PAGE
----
Greetings Gentle Readers,
Father’s Day has come and gone and now Summer is finally upon us. Allow me, if you will, to give a belated salute to father’s everywhere. I have a dear friend that chose not only to open up his heart a second time but to adopt and become an instant father as well. I can only thank the wonderful men out there who decided that they wanted to be not only a teacher and protector but an example of manhood to a little girl or boy out there. So many men I know help to prove that fatherhood is in the heart and mind if not always from the blood. Thank You Gentlemen!
Summer here in Chicagoland has been amazingly gentle and rainy. Solstice was spent near the Bridgeport area collecting Ordivician fossils. While I will admit that fossils are not my most favorite there are aspects that still fascinate and beguile. The ride with the Lizzadro Museum was pleasantly uneventful and as the bus looped its way to the bottom of the quarry I once again was in awe of how one area can be so replete with stone. The day was overcast yet just sunny enough to require sun screen. The quarry piles were filled with fossils and here is the fascination: At one point in the past this area was covered by sea life and aquatic critters to such an extent that even with tides and storms there were yards deep deposited to a sea floor. Climbing to the top of a shifting pile of stones and you feel like the whole small world is yours. Every stone has some sort of fossil from a weathered calcite crystal imprint to snails and clams to the elusive receptoculites. A father was there with his two children and we both managed to find pyrite cubes with calcite and fossils. It warmed my heart to see someone openly sharing the natural world with their children. Even the young girlie girls were exploring the quarry while one young boy decided to tell me about the living creatures that were in the pond. And here I will digress Gentle Reader and admit that I have always wanted to skinny dip in a quarry pond; the thought of all the stone around me with open blue sky above and cool water lapping around my bare legs. But I warn those who are as romantic in vision as I am: Most quarry ponds have a bad ph and will do equally bad things to your skin.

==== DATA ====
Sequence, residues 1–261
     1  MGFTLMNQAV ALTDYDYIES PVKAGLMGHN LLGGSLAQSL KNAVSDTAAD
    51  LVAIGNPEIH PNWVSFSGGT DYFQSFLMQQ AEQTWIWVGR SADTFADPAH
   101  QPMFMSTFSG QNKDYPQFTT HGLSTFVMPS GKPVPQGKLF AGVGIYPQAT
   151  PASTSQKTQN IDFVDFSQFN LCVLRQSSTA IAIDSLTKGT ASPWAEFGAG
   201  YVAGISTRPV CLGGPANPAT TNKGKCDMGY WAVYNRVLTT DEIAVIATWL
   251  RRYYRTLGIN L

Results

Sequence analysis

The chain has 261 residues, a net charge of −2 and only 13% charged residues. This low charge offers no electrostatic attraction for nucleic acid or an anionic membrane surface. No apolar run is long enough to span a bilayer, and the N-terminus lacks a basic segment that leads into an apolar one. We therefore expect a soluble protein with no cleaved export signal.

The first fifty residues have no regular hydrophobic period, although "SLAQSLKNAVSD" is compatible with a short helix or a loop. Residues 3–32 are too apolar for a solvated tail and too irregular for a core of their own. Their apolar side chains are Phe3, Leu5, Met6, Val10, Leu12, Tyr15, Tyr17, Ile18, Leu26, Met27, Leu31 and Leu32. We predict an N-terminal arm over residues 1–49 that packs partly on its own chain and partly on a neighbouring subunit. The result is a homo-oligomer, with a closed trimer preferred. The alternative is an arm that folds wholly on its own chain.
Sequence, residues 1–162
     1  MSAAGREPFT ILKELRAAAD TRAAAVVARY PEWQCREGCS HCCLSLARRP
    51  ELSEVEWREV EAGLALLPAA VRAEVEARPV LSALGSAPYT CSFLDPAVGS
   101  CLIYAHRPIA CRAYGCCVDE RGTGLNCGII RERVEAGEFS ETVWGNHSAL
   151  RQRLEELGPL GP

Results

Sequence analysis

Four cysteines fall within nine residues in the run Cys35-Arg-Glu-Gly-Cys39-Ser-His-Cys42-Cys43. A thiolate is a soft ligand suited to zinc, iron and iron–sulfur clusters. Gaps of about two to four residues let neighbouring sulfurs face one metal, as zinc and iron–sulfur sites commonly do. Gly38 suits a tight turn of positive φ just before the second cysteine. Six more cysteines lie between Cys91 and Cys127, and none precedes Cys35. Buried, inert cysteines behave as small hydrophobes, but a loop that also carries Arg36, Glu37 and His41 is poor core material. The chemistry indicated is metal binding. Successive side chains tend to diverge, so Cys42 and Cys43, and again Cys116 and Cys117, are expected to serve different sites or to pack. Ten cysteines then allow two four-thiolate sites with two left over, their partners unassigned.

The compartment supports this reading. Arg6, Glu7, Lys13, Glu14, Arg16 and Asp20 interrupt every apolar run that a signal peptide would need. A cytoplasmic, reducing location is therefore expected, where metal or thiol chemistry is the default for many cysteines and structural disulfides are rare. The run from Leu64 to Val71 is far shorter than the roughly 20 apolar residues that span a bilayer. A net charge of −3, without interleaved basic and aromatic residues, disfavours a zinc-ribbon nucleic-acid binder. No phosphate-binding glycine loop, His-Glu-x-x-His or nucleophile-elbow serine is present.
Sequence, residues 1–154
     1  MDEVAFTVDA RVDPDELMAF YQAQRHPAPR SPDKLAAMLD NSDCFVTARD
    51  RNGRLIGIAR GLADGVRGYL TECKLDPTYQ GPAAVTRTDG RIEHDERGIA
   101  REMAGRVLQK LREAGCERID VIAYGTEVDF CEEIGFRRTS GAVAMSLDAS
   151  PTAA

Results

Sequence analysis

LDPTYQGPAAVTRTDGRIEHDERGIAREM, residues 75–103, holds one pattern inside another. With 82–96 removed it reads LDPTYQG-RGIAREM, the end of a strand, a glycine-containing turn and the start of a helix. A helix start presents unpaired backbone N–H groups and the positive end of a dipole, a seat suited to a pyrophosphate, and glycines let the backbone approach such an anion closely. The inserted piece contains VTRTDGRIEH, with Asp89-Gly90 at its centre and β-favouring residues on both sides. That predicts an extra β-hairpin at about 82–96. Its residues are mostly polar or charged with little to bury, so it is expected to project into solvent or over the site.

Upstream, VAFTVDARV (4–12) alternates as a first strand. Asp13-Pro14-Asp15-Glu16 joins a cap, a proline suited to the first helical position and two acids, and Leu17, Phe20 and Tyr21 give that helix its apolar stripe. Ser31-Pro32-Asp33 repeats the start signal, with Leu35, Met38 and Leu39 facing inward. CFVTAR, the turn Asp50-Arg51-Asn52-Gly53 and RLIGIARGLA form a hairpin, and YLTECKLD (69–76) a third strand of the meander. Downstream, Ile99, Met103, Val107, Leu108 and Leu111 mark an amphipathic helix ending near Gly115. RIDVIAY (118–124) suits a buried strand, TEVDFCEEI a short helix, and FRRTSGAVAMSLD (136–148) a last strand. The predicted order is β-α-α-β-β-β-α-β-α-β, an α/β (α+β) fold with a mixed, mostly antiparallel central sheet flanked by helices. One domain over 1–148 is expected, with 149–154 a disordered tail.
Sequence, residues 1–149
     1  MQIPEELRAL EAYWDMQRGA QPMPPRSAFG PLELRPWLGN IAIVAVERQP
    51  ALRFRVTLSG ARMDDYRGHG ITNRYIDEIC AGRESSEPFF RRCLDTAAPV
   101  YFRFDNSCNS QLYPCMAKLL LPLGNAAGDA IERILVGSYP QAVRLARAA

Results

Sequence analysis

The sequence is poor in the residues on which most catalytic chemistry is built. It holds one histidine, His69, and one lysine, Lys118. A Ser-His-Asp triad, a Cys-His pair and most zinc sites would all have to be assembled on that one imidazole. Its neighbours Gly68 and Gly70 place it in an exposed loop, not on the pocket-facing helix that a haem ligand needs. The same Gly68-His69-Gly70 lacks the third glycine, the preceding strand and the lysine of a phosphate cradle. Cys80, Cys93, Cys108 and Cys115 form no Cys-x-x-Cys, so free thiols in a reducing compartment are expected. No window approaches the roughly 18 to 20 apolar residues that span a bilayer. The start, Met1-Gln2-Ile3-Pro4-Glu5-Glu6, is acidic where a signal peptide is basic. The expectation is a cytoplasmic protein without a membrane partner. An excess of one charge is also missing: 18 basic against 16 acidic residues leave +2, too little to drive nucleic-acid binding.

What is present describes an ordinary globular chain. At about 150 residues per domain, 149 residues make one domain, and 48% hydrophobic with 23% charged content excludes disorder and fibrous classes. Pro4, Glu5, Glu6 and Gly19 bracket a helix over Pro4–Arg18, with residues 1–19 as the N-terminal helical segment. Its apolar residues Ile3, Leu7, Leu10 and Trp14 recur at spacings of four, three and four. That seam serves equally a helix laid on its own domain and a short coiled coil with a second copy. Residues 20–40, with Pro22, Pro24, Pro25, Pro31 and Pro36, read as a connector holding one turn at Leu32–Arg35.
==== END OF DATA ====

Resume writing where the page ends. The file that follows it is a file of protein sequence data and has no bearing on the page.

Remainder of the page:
Sunday was cool and pleasant enough to have the air conditioning off and the windows open. Somewhere in the neighborhood there was a live band playing perky modern jazz and the music floated across the breeze. At the other side of the apartment a World Cup Party was in progress and one could hear the cheering and exclaiming. Even with a migraine the day was bucolic and pleasant.
The cotton wood trees are a new experience for me. For a week the street was lined with great poofs of fluffy white while the air looked almost silky when the sunbeams cut through the tree branches. Somehow it was like walking through a fairy tale world and did bring a special feeling to the morning dog walks. Not as romantic but still as poetic in its own right is the great mulberry plopping that comes after the cottonwood tree seeding. The same thunder storms that flatten down the white tree fluff now bring down plump purple-black fruits all over the porch and sidewalk. The ninja squirrels are even more hyper as they feast on the mulberries, running from the seeds at the feeder to the mulberry tree.
And because the mulberry plopping tree is outside by the porch that leads to the laundry, I am reminded, Gentle Reader that I need to go and empty the dryer of it’s contents. So I end this post wishing you gentle winds, glorious rains, and sunny days.